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Kenya - Introduction

Kenya is a developing East African country known for its wildlife and national parks. The capital city is Nairobi. The second largest city is Mombasa, located on the southeast coast. Tourist facilities are widely available in Nairobi, the game parks, the reserves, and on the coast. The official languages in Kenya are English and Kiswahili.

International entities refer to Kenya as a success story for the African continent, particularly in the tumultuous East African region, regarding political practices and democratic principles. However, conflicting national conditions, ranging from a model of democracy and political maturity to a powder keg of violence and dissent, leads to skepticism regarding Kenya's stability. Despite the turmoil, the May 2010 United States National Security Strategy, names Nigeria and Kenya "key states" and "essential subregional linchpins." Democracies are not predominant throughout Africa, but rather they exist sporadically, and tenuously.

Kenya maintains a facade of democracy to appease international donor governments and trade partners. Kenya does not meet the nominal criteria for a democracy, regardless of international perceptions and reputation. In fact, Kenyans, like most people of East Africa, face a desperate struggle for sustenance and an absence of individual economic potential. This struggle prevents the environmental and social conditions allowing for the exercise of democratic principles and establishment of institutional mechanisms of democracy.

Kenyan society, like Nigeria, is deeply divided according to ethnicity, or ethnic identity. Differences in religious and other basic values underlie and help to perpetuate these cleavages. The colonial period had formalized and hardened ethnic division as the colonial ruler established a system of administration based on a division of Kenya by tribes.

Nairobi is East Africa's economic hub, and the country is the second-largest economy in the region, according to figures from the World Bank and the International Monitory Fund (IMF). Until late 2014, when its larger neighbor, Ethiopia, overtook it, Kenya had the biggest economy - at more than $60bn - of the East Africa region. Kenya is home to several UN and humanitarian agencies that oversee relief efforts in the region. Most of the aid agencies operating in South Sudan, Somalia and the Democratic Republic of Congo are based out of the Kenyan capital. In Kenya, traffic moves on the left side of the road, which can be very disorienting to those not accustomed to it. Excessive speed, unpredictable local driving habits and manners, poor vehicle maintenance, bumpy, potholed, and unpaved roads, and the lack of basic safety equipment on many vehicles are daily hazards on Kenyan roads. When there is a heavy traffic jam, either due to rush hour or because of an accident, drivers will drive across the median strip and drive directly toward oncoming traffic. There are often fatal accidents involving long-distance, inter-city buses, or local buses called matatus. Matatus are known to be the greatest danger to other vehicles or pedestrians on the road.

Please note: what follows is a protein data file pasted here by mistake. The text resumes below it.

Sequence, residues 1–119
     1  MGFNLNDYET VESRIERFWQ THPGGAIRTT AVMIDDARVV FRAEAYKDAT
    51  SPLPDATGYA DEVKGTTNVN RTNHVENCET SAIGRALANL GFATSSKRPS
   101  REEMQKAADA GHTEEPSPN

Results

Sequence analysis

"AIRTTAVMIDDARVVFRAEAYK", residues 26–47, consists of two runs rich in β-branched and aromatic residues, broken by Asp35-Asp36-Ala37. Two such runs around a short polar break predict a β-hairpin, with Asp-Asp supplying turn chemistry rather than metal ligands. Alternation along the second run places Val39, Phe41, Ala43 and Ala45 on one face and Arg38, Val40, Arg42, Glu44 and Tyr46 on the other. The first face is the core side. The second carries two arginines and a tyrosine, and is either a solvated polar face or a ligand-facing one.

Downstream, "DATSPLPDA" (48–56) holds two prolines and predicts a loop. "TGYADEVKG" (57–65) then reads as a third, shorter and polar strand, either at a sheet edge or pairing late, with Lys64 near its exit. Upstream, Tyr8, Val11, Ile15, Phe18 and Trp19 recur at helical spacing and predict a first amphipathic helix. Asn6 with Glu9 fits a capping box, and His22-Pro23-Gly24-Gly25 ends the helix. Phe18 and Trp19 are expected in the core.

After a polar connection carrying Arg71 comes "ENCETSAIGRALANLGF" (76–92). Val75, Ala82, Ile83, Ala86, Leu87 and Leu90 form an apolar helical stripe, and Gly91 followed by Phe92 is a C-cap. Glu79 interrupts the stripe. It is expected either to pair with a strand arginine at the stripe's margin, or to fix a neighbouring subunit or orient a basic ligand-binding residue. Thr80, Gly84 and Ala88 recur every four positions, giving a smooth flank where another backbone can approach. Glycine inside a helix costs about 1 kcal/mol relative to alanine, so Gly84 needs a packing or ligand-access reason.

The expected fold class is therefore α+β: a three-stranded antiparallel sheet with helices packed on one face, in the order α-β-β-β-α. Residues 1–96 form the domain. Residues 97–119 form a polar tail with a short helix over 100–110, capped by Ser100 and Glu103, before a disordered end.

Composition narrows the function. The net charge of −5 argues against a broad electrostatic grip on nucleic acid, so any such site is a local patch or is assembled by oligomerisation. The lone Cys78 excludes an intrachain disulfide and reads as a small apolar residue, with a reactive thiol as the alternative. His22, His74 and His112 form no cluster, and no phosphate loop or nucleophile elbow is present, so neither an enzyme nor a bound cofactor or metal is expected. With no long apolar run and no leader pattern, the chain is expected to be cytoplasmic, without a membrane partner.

Crime is rampant, indiscriminant, at times violent, and happens in all parts of Kenya. Violent and sometimes fatal criminal attacks, including home invasions, burglaries, armed carjackings, grenade attacks, and kidnappings can occur at any time and in any location. Crime is high in all regions of Kenya, particularly Nairobi, Mombasa, Kisumu, and at coastal beach resorts. There are regular reports of attacks against tourists by groups of armed assailants. Pickpockets and thieves carry out "snatch and run" crimes on city streets and near crowds. Thieves on motorcycles will assault pedestrians and speed away.

Highway banditry is common in much of Mandera, Wajir, Garissa, Marsabit, and northern Tana River counties, as well as Turkana County. These areas are remote and sparsely populated. Incidents also occur occasionally on Kenya's main highways, particularly after dark.

Kenya initiated military action against al-Qaeda affiliate al-Shabaab by crossing into Somalia on October 16, 2011, and on June 2, 2012, signed a Memorandum of Understanding (MOU) whereby it formally joined the African Union Mission in Somalia (AMISOM). Kenyan troops within AMISOM are now actively pursuing al-Shabaab in southeastern Somalia. In response to the Kenyan intervention, al-Shabaab and its sympathizers have conducted retaliatory attacks against civilian and government targets in Kenya.

On September 21, 2013, suspected members of the al-Shabaab terrorist organization, an Al-Qaeda affiliate, attacked the Westgate Shopping Mall in Nairobi, killing scores of innocent people, both Kenyan and non-Kenyan nationals, and wounding many others. The siege at the mall continued for several days and five U.S. citizens were confirmed injured in the attack.





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